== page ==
Remembering John Baldessari With These Works From Our Marketplace

January 8, 2020

John Baldessari, an acclaimed American conceptual artist with a distinct sense of humor, died on January 2nd, 2020 aged 88.

One of the leading figures and determining forces of the late 1960s conceptualism, Baldessari relied heavily on the linguistic play and upon appropriating and recontextualizing images. In this way, he disrupted the relationship between sign and signified, between convention and unconscious meaning.

Juxtaposing painting, text, video, sculpture and more with color and humor, Baldessari saw his work as a counter to what he saw as a po-faced conceptual art scene. Throughout his career, the artist had been questioning the very notion of art and artistic practice. As he explained, he “was able to dig into what I thought art might be, not what somebody else would think art would be”. The resulting pieces are complex compositions that explore the multifaceted interpretations of cultural iconography with his signature sense of humor. In a 2013 interview with David Salle, a longtime friend and former student of his, Baldessari explained:

I don’t try to be funny. It’s just that I feel the world is a little bit absurd and off-kilter and I’m sort of reporting.

Baldessari was also central to shaping the Los Angeles cultural scene through his art and decades of pedagogy. He taught the likes of David Salle, Barbara Bloom, Jack Goldstein and Meg Cranston and held posts at the California Institute of the Arts and the University of California, Los Angeles.

To remember this highly influential artist, we have created a selection of his works that highlights the diversity of his practice. Each of these pieces can also become a part of your collection right now.

Featured image: John Baldessari, 2009. All images courtesy of their respective galleries.

Noses & Ears, Etc. (Part Four)- Two Persons (One Altered) with Yellow Space, 2007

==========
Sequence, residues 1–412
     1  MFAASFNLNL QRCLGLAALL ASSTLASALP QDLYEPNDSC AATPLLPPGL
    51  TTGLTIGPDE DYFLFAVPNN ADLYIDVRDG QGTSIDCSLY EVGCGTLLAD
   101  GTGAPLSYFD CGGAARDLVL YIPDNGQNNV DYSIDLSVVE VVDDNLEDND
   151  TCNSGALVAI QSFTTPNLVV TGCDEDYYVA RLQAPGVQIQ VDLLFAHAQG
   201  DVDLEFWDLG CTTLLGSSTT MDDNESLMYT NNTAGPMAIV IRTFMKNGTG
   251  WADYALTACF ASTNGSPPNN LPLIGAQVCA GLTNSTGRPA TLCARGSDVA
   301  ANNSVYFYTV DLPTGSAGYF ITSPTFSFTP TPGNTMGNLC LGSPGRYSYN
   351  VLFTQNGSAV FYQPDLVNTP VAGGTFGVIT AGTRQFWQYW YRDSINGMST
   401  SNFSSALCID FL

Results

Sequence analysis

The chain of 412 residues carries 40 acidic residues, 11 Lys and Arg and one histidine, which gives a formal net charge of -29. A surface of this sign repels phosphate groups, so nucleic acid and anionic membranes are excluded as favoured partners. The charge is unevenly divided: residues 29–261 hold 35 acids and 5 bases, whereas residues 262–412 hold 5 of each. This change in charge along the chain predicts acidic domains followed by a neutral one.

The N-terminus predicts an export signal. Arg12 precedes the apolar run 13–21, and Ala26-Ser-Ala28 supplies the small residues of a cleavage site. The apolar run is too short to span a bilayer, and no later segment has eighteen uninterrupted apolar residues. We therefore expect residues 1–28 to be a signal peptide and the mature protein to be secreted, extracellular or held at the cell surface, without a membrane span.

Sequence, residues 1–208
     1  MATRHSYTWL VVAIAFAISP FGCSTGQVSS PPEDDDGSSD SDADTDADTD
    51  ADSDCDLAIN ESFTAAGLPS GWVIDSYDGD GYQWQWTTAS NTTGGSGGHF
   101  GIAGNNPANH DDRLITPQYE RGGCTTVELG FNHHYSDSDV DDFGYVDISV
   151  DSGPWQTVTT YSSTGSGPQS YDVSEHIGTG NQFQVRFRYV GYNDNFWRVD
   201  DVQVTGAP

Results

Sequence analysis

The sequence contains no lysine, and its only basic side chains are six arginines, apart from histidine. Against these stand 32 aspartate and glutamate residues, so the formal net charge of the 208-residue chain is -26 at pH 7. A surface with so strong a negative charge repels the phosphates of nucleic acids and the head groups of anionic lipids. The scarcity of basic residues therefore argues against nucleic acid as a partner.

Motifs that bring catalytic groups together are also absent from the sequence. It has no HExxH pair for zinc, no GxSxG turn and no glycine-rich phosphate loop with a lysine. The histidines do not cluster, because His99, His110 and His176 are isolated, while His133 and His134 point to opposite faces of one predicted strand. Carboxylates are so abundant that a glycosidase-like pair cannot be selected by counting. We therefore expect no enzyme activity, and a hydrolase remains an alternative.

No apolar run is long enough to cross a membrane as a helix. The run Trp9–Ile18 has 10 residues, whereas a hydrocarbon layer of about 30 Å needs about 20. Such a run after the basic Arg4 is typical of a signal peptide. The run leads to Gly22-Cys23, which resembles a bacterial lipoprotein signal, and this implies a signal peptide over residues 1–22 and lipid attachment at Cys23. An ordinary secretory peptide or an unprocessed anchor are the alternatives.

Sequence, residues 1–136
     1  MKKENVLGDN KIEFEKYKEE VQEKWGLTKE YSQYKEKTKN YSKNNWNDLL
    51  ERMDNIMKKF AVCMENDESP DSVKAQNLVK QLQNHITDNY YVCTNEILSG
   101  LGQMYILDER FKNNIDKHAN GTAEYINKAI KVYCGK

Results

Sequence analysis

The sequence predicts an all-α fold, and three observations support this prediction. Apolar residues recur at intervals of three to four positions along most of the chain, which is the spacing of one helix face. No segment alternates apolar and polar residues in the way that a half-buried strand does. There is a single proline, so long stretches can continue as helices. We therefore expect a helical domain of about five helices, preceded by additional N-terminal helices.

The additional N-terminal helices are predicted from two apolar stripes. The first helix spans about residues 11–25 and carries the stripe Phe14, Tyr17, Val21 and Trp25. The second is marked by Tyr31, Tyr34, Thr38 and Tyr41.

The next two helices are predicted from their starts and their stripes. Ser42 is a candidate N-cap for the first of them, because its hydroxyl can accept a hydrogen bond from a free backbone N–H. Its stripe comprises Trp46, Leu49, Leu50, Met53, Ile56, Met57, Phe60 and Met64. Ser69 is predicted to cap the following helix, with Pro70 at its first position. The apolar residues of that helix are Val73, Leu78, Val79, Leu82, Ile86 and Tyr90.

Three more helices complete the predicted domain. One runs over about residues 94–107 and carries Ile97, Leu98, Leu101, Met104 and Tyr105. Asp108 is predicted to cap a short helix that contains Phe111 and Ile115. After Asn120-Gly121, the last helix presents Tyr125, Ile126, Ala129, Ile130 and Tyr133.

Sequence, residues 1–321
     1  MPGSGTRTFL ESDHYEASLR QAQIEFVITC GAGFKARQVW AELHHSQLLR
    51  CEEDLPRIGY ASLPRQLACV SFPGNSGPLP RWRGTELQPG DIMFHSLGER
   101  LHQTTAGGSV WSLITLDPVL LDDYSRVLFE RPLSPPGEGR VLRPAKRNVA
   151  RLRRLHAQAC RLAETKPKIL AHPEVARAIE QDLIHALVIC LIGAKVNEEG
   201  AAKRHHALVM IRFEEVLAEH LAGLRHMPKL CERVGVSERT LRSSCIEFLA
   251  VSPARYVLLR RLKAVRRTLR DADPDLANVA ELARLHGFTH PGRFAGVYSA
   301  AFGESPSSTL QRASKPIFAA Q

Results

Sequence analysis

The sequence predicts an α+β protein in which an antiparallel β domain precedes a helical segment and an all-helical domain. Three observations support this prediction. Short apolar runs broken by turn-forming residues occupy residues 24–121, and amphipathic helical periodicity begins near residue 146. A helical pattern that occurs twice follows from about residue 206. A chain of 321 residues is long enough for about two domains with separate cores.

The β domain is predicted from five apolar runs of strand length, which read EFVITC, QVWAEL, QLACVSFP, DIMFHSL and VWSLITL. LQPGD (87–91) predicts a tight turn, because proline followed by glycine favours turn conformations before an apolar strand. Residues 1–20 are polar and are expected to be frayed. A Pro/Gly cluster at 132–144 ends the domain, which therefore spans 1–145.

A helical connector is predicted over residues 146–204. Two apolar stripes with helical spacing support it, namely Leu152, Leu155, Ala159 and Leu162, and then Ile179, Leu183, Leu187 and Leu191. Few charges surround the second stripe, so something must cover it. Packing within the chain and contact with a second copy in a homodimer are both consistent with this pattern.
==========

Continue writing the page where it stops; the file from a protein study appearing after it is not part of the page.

This work is part of the series titled Noses & Ears, Etc, a group of digital photographic prints over-painted with acrylic paint and collage elements. As Baldessari explained, this body of work continues his fascination with color, but also, the relation of photography to painting, and viewing the picture plane on three levels rather than the conventional single plane.

Perhaps these works can be seen as not painting, photography or sculpture, but a melding of all three.

Buy the work here.

Sex and Crime, 1996

Titled Sex and Crime, this poster was created for John Baldessari's exhibition titled Von den Verhaltnissen der Menschen. It was held at the Sprengel Museum in Hannover from February until May 1996.

Buy the work here.

Look At Me, 2017

Titled Look at Me, this 2017 work reprises a combination of text and image, melding the motif of a windmill and a wind farm with a textual field in contrasting color, referring to Miguel de Cervantes’ novel Don Quijote. In this unique relationship between text and image, a text explains an image and an image illustrates a text.

Buy the work here.

Chair, 2015

Created in 2015, Chair is another of Baldessari's works which undermines the fundamental concept behind our conventional reading habits. The juxtaposition of an image and text is baffling, with associations that open up a broad spectrum of possible interpretations and surprising new perceptions.

Buy the work here.

Learn to Dream, 2011

Learn to Dream from 2011 repeats a phrase Baldessari has been coming back to multiple times throughout his career, encouraging us to actively dream, to deliberately engage with the creative, the irrational, and the hopeful. These words are placed across horizontal bands of yellow, black, cyan, and light blue, and rendered in the typeface "Churchward Montezuma 96 Extra Bold" designed by New Zealand typographer Joseph Churchward.

Buy the work here.

Tiger with No Stripes

In this poster titled Tiger with No Stripes, the original color was subtracted, leaving the negative space which invites the public to collaborate and color-in the work themselves. Anyone can stamp, draw, paint, and adorn their artwork onto this poster or leave it as is.

Buy the work here.

Marilyn, 2016

The title of this work from 2016 is intentionally misleading. Baldessari doesn't actually use the image of Marilyn Monroe as its point of departure but instead a printed portrait, inverted left-to-right, that Francis Picabia painted in 1933 of Suzy Solidor, a Parisian singer and nightclub owner who was in those days famous (and infamous). However, both Marilyn and Suzy were stars and starlets, two iconic figures representing the partialities of their eras.

Buy the work here.

Morsels And Snippets- Smoked White Corn Veloute, 2013

In this work, Baldessari once again juxtaposes text and image in an unexpected way, encouraging the viewer to make their own interpretation of the work.

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Engravings with Sounds- SOB, GRUNT, CLACK, SNEEZE, URG, TOOT, 2015

For this edition of six works titled Engravings with Sounds, Baldessari used images selected from 16th-century engravings, transforming each of these new works by introducing expressive sounds, expanding his range one step further.

Buy the work here.

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